Can anything leave a black hole? According to popular belief, no. ``Not even light.''

Then we got that Hawking radiation thing going---where a virtual particle pair just randomly appears near the event horizon. One of the virtual pair particles falls into the black hole, and the other one speeds away in the opposite direction---making it appear like it came from within the black hole. The virtual particle that falls in actually decreases the total mass of the black-hole-and-orbiting-particle---so the black hole appears to have lost mass. So it really looks like the black hole emitted a particle and lost mass as a result. According to Hawking, this is the primary mechanism by which black holes appear to lose mass and eventually evaporate. Unfortunately this mechanism causes a host of problems.

The primary problem with Hawking radiation evaporating black holes is that the radiation is random. It's random virtual particle-pairs, where one happens to fall into the black hole. It's not something that originates within the black hole. So the black hole evaporates without somehow any of its contents leaving it. This process does not appear reversible---all physics laws (as far as we know) are fully reversible, even quantum ones, and black holes appear to violate that. We cannot replay physics backwards---as the stuff that falls into the black hole never leaves it.

So lets pretend that Hawking radiation is the wrong process. We know black holes have a temperature, but how else can they radiate away their mass? In other words, how would they have a temperature without any of its contents leaving?

Apparently nobody knows. Really. Even Hawking is now backpedaling the whole destruction of information that Hawking radiation implied.

One possibility is quantum uncetainty: We cannot, with certainty, determine the position of any particle. Not even when that position in inside the black hole. In other words, we may be pretty sure that the particle is inside the black hole, but there exists a non-zero probability that it isn't. So the particle that fell into a black hole may be detected outside the black hole. Neat, no?

There's a catch: the bigger the black hole, the less likely this would be. So the bigger the black hole, the less rapidly its particles would tunnel out of it---perhaps with rates similar to Hawking radiation. In fact, observationally, the process may look identical to Hawking radiation---but since the particles are now coming from the inside, the information of stuff that fell in is preserved. It's irrelevant that we cannot observe the process, we just know that eventually everything that went in will come out (in scrambled state, but still come out).

Where am I going with all this? I believe black holes is just another method of burning mass/matter.

For example, chemical fires (for example, a candle) converts one kind of molecule into other kinds of molecules, with less chemical bond energy. If we capture all the inputs and outputs of the process, the resulting products will have a slightly lower mass---with escaped heat (light) being the difference. Now, classic physics tells us that the process is reversible. We can burn a piece of paper, capture the gasses, etc., and reconstruct it back. But really we cannot---the light that escapes is out forever. There's nothing that can push that light into the ashes and reconstitute the paper. (e.g. how would such light photons be captured or even observed without disturbing them?). So stuff (chemical bond energy) is burned and it's gone forever... Note we're not talking about the ash here, but the heat that escapes.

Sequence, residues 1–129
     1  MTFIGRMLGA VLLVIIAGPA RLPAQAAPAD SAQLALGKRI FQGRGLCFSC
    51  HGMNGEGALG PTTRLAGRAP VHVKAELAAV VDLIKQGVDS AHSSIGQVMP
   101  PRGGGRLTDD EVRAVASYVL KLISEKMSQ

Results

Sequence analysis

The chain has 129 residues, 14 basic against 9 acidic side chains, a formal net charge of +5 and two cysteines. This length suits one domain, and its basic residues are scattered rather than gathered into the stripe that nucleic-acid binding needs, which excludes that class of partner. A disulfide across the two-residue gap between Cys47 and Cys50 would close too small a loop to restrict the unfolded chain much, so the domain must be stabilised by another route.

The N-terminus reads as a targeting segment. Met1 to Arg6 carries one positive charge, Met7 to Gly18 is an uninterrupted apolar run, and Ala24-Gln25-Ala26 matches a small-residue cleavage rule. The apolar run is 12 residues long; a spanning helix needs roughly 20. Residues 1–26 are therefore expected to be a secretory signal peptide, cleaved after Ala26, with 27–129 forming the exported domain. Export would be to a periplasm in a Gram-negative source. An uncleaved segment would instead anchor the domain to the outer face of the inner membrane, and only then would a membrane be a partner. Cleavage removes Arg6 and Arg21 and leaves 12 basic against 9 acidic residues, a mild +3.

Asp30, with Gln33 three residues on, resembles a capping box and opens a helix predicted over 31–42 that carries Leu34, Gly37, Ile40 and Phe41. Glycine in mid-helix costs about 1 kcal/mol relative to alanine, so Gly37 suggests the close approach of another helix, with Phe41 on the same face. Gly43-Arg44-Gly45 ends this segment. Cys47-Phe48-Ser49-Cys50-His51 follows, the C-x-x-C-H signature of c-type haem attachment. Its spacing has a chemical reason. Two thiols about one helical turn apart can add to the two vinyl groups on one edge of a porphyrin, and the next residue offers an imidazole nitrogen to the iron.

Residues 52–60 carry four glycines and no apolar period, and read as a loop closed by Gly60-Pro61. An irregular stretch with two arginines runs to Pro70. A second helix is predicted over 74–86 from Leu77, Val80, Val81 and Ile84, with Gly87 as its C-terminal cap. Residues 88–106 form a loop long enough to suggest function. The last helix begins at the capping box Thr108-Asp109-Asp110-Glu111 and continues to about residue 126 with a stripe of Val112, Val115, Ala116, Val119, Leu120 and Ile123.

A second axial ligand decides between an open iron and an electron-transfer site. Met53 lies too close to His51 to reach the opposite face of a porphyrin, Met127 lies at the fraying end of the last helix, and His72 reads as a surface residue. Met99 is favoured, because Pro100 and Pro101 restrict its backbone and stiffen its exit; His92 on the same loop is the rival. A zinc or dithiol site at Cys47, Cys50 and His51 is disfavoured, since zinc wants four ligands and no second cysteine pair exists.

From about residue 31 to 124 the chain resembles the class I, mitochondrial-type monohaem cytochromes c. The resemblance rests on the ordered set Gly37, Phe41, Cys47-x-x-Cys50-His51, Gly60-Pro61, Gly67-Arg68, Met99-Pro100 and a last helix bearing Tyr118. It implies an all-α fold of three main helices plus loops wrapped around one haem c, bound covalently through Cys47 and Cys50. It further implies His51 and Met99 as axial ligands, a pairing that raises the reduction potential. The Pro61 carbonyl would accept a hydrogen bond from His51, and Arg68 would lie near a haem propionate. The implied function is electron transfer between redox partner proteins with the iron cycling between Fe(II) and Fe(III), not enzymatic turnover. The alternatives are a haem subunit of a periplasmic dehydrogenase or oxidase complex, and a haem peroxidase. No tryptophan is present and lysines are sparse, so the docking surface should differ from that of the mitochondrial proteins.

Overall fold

Yes perhaps we can reconstruct the paper from the ashes, but that would require way more energy than was released from the one-way-burn process.

We can call this increasing disorder entropy, but entropy has other meanings, so don't want to overload that term.

Anyways, chemical fires burn chemical bond energy---the light goes out into the universe never to be seen again (at least not unless that light collides with something).

Stars burn atoms. Instead of chemical bonds, they burn strong nuclear forces. The resulting elements have less mass than the products---again, the heat escapes out into the universe. This process can continue from hydrogen all the way upto iron. Iron has the lowest energy, so stars cannot burn iron---kind of like fire cannot burn ashes. As stars explode, some heavier elements form, and those eventually decay as well, as they're not stable.

So non-nuclear leaves us with molecules. Stars leave us with iron. What's beyond? If we push more matter into a dying star, it will collapse into a white dwarf. That's just a ball of compressed matter that is being held up by electron forces---it is not burning matter. It's just hot due to the original star, but it's not actively turning matter into energy. It's cooling off, but that's it. Next scale is a neutron star---one that collapses beyond electron forces and is being held by neutrons not wanting to be inside each other. Again, these stars are just hot remnants and aren't actively turning matter into energy. They will eventualy cool off, etc.

Next step beyond neutron stars is black holes. These apparently do evaporate (using whatever process)... meaning that they consume matter and turn it into heat. This is burning matter into energy again---same as the sun, except it's happening at such ridiculous conditions that we're not allowed to see it.

Why would this seem right at all? For one, nobody really knows what's going on inside a black hole, and this guess is as good as any.

The other is what's going on inside our sun: two hydrogen atoms fuse to form helium. The energy/light from this reaction doesn't just leave the sun. Because the center is very dense, it takes light hundreds of thousands of years of bouncing around to reach the outer layer of the sun to escape. Now, imagine if the sun was bigger, it would take longer. If the sun was denser, it would take even longer. It's not hard to imagine where this ``time'' would appear to be infinite. In other words, a fusion reaction at the center of the sun generating energy, and due to bouncing around that photon practically never leaving the sun---that would be a black hole.